“My writing takes me down paths to revisit things I’m still working through.”
A member of the Writers’ League since last summer, Spike lives in Garfield, Texas at the Tiny T Ranch.
Spike Gillespie: Primarily I’m a memoirist and essayist. Often my work gets classified in multiple categories — memoir/self-help, memoir/feminism, memoir/spirituality. I was also a freelance journalist for 25+ years and wrote a ton of features for magazines and newspapers.
Scribe: What authors would you like to have coffee or a beer with and which beverage?
SG: Louisa May Alcott and Elvis Costello. I would desperately love to have many pints of beer with them, but since I’m in my 17th year of sobriety I would have to show restraint and stick with coffee or club soda and bitters with a lime.
Scribe: If you were stranded on a deserted island, what book would you want to have with you to keep you sane?
SG: The Feeling Buddha by David Frazier.
Scribe: What have you learned from your association with the Writers’ League?
SG: I gave a talk at a conference last year and I was really impressed by the connections people were making. Not just networking, but connecting on a level of resonance and supportiveness.
Scribe: Where do you see your writing taking you (or you taking it) in the future?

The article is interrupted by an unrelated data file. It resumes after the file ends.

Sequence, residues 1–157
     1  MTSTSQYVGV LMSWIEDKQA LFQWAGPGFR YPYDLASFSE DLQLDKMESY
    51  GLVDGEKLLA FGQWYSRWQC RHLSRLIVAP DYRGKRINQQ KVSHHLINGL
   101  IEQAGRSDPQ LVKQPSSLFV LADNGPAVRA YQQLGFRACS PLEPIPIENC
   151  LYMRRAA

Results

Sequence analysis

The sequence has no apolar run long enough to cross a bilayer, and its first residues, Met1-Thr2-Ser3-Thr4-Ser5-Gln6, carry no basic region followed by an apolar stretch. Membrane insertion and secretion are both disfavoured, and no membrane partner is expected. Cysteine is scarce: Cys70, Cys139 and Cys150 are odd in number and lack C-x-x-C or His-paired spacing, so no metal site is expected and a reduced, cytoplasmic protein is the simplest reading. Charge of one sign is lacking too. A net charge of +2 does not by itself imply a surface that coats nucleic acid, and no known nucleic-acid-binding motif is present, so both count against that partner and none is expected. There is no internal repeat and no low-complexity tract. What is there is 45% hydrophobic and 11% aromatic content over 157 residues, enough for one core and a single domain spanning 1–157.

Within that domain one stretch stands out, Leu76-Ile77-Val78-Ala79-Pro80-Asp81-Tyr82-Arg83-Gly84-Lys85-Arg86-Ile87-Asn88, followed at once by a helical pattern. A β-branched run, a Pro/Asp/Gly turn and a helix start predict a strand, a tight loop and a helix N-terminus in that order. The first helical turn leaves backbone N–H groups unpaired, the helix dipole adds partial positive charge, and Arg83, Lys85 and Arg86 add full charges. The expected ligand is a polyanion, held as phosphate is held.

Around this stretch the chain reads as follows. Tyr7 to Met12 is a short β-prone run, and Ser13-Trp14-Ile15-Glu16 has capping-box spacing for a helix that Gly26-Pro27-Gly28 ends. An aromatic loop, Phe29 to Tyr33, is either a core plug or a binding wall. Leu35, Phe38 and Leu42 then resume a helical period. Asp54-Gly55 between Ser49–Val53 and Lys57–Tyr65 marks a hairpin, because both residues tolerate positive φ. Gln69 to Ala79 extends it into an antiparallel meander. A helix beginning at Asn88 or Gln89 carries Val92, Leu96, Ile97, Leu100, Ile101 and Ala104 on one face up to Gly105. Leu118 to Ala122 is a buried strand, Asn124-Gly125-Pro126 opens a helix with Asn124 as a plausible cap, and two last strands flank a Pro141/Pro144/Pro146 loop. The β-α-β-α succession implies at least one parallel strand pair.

SG: I used to write so much so often. Now I write less often. This is in part because I no longer use writing to pay my bills, at least not as my main source of bread and butter. So my writing takes me down paths to revisit things I’m still working through, like past trauma. And it also allows me to sort my thoughts and feed the false sense of control I’m so fond of conjuring. I love doing little thumb vignettes on Facebook — stuff I whip out as the muse is singing to me, whilst sitting in a parking lot or wherever. Just write up a tiny story very quickly, include a picture, and publish. I’ve done lots of writing where revision revision revision was the rule. I still write that way sometimes, of course. But I’m a fan of the immediate tiny essay. Also, my writing constantly leads me to other writers, many of whom sign up for my memoir workshops. So writing, while very much a solo sport, brings me a wonderful community.
Scribe: Here at the Writers’ League, we love sharing book recommendations. What’s one Texas-related book that has come out within the past year that you couldn’t put down?
SG: I’m proud to say that I’ve been sort of a pre-editor/writing coach for Dr. Catherine Musemeche, who wrote an amazing book called Small: Life and Death on the Front Lines of Pediatric Surgery. It’s an incredible book and follows the journey of the tiniest patients and how their lives are saved by incredible surgeons using cutting edge techniques.
Scribe: Is there anything else about you that you would like to share with the world? An opportunity for blatant self-promotion!
SG: I’m so excited to be living at the Tiny T Ranch, which came into my life rather randomly. I’m using the space for salons and writing retreats, and also offering rooms for writers who want to come and stay for a weekend, a week, or more to have super quiet space out in the country to fully focus on their work. I’m documenting my journey of transitioning to country mouse over at www.ranchspike.com Also I lead ongoing six-week memoir writing workshops both in town and out at the ranch. More info on that is at www.writewithspike.com